St. Camillus informs readers how to identify, treat concussions

Use your head wisely

Brain injuries don't discriminate. They can affect any one at any time and range from a concussion or stroke to injuries caused by a traumatic event. Last week, The Eagle Bulletin acknowledged March as National Brain Injury Awareness Month by publishing "Time lost is brain lost," an article that specifically recognized the seriousness of stroke. It covered signs and symptoms, risk factors as well as prevention methods. This week's focus (the second in a series of three), is on concussion, an injury to the brain caused by a blow that can result in loss of consciousness.

St. Camilllus is a not-for-profit healthcare facility esteemed for its comprehensive brain injury rehabilitation programs. Employees Kathy Walsh, a physical therapist; doctor of physical therapy and a neurology certified specialist, and speech-language pathologist Kate Williams, responded to the following questions pertaining this type of brain injury.

What are the most common accidents that result in a concussion?

Car accidents, falls, contact sports and being struck in the head with an object.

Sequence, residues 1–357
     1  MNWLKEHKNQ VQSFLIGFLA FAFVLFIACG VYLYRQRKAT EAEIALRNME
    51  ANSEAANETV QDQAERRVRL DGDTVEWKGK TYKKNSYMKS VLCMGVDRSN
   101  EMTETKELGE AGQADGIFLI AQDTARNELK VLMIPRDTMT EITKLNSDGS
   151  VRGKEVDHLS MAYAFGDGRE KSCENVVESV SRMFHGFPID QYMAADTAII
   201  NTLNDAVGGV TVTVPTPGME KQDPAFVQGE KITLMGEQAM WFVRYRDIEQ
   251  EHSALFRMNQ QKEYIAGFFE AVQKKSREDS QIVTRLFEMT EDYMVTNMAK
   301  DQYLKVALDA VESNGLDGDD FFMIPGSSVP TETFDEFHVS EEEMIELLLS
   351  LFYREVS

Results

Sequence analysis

What are some symptoms of a concussion?

Symptoms can include headache, nausea/vomiting, dizziness/balance problems, double/blurry vision, sensitivity to light and noise, memory problems, confusion, difficulty concentrating and paying attention, decreased energy, change in sleep patterns and ringing in the ears.

Concussions can range from mild to severe. Some people have concussions and do not even realize it. Recovery time typically correlates with severity; symptoms can last days, weeks, months, sometimes years, and in the most severe cases, they may never resolve.

What safety measures can be taken to reduce the risk of getting a concussion?

Safety measures for all include wearing helmets during activities and sports such as bike riding, inline skating, skateboarding, skiing and sledding. People should consistently wearing their seat belts while driving and riding in cars; and in regard to water safety, ensure that no one jumps into shallow water head first.

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